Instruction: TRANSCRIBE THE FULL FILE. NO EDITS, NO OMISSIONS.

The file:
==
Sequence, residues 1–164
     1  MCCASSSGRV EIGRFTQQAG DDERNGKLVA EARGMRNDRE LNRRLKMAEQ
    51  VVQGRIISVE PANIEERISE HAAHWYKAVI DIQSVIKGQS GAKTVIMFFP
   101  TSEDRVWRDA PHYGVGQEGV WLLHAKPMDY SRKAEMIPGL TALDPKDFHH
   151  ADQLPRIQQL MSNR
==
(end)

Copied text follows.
Sequence, residues 1–164
     1  MCCASSSGRV EIGRFTQQAG DDERNGKLVA EARGMRNDRE LNRRLKMAEQ
    51  VVQGRIISVE PANIEERISE HAAHWYKAVI DIQSVIKGQS GAKTVIMFFP
   101  TSEDRVWRDA PHYGVGQEGV WLLHAKPMDY SRKAEMIPGL TALDPKDFHH
   151  ADQLPRIQQL MSNR